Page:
Built on reclaimed land in 1920 and a part of Mumbai's recently crowned Victorian Gothic and Art Deco Ensembles Unesco World Heritage Site, Marine Dr arcs along the shore of the Arabian Sea from Nariman Point past Girgaum Chowpatty and continues to the foot of Malabar Hill. Lined with flaking art deco apartments, it’s one of Mumbai’s most popular promenades and sunset-watching spots. Its twinkling night-time lights have earned it the nickname ‘the Queen’s Necklace’.
15 - Kanheri Caves
The 109 Kanheri Caves lining the side of a rocky ravine 6km from the northern entrance of Sanjay Gandhi National Park are a big draw. The caves comprise vihara (monasteries), chaitya (halls) and dwellings, and were used by Buddhist monks between the 1st century BC and 10th century AD as part of a monastic university complex.
16 - Sanjay Gandhi National Park
It’s hard to believe that within 1½ hours of the teeming metropolis you can be surrounded by this 104-sq-km protected tropical forest. Here, bright flora, birds, butterflies and elusive wild leopards replace pollution and concrete, all surrounded by forested hills on the city’s northern edge. Urban development has muscled in on the fringes of the park, but its heart is very peaceful.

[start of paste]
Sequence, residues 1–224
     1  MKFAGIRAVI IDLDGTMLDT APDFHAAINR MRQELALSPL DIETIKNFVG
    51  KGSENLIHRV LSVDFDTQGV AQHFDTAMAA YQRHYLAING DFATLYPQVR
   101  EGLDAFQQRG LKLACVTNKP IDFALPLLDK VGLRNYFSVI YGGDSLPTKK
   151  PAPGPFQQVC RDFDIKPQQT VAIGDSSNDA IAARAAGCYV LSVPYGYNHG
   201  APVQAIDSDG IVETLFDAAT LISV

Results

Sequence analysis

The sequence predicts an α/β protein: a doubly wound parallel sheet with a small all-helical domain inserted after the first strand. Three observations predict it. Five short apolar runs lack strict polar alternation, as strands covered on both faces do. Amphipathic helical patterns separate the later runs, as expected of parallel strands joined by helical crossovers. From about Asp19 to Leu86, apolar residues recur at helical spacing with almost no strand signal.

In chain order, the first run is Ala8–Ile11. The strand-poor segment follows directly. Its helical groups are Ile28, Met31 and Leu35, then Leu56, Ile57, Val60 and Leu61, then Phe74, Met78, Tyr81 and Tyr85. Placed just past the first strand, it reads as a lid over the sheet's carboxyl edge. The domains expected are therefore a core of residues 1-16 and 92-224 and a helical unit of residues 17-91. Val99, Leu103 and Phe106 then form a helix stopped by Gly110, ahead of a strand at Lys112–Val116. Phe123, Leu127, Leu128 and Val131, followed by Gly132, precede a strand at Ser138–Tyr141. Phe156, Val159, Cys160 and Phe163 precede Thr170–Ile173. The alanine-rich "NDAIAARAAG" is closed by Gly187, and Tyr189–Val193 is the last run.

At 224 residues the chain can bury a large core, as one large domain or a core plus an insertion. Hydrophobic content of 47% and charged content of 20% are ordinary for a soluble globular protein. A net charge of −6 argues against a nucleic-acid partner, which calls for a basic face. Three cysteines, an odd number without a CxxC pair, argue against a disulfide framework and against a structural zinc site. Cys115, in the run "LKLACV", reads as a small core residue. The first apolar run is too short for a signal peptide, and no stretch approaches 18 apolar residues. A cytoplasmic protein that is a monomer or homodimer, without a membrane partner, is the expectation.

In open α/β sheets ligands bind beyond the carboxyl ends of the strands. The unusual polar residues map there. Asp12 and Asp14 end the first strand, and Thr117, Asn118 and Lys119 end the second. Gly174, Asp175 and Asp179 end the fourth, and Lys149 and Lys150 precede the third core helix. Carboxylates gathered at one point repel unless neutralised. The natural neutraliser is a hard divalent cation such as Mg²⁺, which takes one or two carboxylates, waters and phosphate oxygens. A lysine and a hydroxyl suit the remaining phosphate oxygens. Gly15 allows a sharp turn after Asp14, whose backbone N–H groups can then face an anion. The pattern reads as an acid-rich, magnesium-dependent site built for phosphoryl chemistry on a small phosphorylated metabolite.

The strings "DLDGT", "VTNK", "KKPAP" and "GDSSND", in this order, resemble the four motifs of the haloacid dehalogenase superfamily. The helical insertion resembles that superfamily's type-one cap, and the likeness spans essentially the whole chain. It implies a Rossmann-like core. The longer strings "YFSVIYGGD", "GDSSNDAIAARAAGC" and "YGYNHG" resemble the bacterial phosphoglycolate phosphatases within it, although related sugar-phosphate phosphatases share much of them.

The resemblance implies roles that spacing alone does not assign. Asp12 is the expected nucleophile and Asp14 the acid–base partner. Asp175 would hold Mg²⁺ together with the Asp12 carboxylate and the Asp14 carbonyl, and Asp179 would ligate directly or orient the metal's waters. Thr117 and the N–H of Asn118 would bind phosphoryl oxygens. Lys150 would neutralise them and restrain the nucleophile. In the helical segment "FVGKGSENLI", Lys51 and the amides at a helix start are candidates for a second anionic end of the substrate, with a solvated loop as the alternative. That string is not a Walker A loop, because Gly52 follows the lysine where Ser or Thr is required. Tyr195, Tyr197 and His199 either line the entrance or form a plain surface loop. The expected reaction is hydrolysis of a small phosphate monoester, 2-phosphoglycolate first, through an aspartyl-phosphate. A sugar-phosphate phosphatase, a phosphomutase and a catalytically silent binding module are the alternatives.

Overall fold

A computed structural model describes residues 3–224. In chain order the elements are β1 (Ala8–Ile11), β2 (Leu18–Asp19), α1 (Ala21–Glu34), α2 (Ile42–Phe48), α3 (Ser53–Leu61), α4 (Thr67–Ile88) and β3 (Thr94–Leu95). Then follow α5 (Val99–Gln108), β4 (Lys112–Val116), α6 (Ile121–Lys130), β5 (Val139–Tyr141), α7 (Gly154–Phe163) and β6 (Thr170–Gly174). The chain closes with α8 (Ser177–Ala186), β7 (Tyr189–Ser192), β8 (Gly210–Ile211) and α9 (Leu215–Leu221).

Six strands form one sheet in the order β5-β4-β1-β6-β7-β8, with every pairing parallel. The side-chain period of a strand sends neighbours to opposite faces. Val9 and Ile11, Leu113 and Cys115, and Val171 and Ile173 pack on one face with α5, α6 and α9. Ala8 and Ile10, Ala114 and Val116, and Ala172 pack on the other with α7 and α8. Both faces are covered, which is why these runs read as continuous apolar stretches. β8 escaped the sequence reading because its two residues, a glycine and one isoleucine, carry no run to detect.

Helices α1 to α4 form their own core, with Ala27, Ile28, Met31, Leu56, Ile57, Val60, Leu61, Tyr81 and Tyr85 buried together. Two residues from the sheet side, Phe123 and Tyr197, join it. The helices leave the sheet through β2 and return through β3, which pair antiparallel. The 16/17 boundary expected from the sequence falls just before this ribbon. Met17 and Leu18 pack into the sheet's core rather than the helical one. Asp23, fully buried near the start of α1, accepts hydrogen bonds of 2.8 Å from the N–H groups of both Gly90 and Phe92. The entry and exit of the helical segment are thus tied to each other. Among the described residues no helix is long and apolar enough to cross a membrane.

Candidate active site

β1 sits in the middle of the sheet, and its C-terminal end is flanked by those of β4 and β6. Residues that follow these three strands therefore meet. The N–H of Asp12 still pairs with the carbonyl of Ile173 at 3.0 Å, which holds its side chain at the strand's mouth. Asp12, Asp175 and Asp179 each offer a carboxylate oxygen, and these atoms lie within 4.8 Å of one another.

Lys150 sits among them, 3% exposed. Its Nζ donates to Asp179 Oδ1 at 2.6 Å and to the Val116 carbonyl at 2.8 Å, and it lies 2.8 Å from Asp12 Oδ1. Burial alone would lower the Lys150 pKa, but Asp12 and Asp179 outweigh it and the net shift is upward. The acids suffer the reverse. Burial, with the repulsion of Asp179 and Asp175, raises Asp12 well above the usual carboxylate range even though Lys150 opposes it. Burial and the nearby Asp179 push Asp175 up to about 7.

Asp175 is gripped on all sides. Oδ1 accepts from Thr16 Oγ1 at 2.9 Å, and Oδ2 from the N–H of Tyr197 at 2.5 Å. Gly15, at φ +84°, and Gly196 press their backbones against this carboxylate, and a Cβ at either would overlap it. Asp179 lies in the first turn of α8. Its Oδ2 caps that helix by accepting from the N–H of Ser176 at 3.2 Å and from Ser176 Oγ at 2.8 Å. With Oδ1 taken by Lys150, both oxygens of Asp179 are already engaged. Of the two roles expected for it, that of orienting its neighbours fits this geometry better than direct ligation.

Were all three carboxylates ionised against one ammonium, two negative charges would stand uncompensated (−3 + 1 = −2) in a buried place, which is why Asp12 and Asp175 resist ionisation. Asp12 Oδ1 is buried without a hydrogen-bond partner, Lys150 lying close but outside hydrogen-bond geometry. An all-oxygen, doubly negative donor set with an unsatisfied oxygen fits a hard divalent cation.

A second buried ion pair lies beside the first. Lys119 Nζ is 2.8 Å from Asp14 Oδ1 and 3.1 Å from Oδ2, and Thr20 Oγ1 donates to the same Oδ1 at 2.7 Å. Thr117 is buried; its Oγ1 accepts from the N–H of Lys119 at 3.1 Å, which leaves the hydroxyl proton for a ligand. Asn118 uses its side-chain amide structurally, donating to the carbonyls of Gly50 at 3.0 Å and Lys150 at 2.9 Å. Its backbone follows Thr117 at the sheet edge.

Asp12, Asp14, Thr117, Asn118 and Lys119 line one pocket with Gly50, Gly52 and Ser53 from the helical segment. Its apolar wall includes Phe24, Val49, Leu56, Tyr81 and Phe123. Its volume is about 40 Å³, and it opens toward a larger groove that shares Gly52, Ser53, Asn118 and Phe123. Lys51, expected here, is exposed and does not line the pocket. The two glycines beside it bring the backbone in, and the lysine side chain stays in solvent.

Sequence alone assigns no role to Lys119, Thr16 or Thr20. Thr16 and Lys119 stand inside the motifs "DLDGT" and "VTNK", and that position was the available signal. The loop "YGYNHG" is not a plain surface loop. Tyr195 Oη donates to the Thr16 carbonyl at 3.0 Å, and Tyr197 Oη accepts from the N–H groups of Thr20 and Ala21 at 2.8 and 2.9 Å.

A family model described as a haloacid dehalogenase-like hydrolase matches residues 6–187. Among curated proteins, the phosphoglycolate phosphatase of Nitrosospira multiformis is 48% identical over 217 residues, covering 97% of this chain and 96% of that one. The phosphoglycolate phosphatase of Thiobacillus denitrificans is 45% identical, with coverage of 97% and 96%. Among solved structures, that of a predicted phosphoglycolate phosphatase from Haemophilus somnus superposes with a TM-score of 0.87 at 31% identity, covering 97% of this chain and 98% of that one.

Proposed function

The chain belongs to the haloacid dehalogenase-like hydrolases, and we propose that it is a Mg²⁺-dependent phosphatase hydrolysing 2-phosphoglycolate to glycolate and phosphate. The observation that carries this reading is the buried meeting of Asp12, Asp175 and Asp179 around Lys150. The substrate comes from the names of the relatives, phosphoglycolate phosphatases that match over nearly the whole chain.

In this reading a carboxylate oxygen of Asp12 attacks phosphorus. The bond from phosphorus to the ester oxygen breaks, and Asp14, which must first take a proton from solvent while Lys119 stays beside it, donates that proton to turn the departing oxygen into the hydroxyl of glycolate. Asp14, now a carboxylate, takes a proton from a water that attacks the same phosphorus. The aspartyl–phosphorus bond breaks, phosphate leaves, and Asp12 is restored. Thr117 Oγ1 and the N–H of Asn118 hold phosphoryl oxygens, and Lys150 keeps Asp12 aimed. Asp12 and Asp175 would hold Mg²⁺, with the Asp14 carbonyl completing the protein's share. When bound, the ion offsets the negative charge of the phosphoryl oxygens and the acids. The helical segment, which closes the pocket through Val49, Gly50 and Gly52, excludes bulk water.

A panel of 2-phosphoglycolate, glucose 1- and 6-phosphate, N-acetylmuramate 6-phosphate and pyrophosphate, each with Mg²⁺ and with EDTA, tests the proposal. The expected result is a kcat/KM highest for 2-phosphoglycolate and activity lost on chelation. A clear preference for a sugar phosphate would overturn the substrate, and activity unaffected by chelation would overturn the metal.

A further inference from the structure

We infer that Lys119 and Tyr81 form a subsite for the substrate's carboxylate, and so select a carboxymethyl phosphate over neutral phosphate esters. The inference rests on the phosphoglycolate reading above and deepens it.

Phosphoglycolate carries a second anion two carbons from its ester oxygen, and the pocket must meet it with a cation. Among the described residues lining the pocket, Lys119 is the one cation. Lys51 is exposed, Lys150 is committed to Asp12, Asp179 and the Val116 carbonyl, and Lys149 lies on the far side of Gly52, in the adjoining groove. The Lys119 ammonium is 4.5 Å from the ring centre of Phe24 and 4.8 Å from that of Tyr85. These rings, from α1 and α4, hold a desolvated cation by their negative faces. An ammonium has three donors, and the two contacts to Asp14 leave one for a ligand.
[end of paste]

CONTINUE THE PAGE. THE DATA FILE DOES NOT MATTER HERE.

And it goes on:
17 - Karnala Bird Sanctuary
One of the few nature sanctuaries within day-trip reach of Mumbai's city limits, this small (12 sq km) but important forest-birding destination sits 63km east of Colaba off the Mumbai–Pune national highway to Goa. The sanctuary was recently declared an Important Bird and Biodiversity Area (IBA) by BirdLife International and is a great spot for spotting endemic birds of the Western Ghats.
18 - Gilbert Hill
Smack dab among the residential apartment blocks of Andheri (W) sits this 61m-tall black basalt mountain that resembles a chocolate molten cake (unsurprisingly, as it was formed as result of Mesozoic era molten lava squeeze – it's 66 million years old. Climb the steep rock-carved staircase for panoramic views and the two Hindu temples set around a garden.
19 - University of Mumbai
Looking like a 15th-century French-Gothic mansion plopped incongruously among Mumbai’s palm trees, this structure was designed by Gilbert Scott of London’s St Pancras station fame. There’s an exquisite University Library and Convocation Hall, as well as the 84m-high Rajabai Clock Tower, decorated with detailed carvings. Since the 2008 terror attacks there has been no public access to the grounds, though pressure is beginning to be put on the vice chancellor to open the campus (check ahead).
20 - National Centre for the Performing Arts
This vast cultural centre is the hub of Mumbai’s highbrow music, theatre and dance scene. In any given week, it might host experimental plays, poetry readings, photography exhibitions, a jazz band from Chicago or Indian classical music. Many performances are free. The box office is at the end of NCPA Marg.